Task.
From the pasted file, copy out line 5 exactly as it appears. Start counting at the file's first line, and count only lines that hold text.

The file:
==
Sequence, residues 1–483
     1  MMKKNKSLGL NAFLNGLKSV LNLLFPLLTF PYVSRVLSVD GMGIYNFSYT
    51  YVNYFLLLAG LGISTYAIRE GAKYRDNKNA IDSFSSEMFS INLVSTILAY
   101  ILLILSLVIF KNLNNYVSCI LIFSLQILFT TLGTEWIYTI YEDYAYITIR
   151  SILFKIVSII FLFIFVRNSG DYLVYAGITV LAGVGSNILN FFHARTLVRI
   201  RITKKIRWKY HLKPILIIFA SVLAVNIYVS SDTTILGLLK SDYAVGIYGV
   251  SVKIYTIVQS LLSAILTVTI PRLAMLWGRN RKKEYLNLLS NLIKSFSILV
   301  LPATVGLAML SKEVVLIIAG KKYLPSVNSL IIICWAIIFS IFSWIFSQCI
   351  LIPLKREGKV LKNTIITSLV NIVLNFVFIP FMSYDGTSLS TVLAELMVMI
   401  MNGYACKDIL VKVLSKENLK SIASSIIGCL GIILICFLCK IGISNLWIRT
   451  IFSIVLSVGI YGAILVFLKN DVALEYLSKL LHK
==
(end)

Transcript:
   151  SILFKIVSII FLFIFVRNSG DYLVYAGITV LAGVGSNILN FFHARTLVRI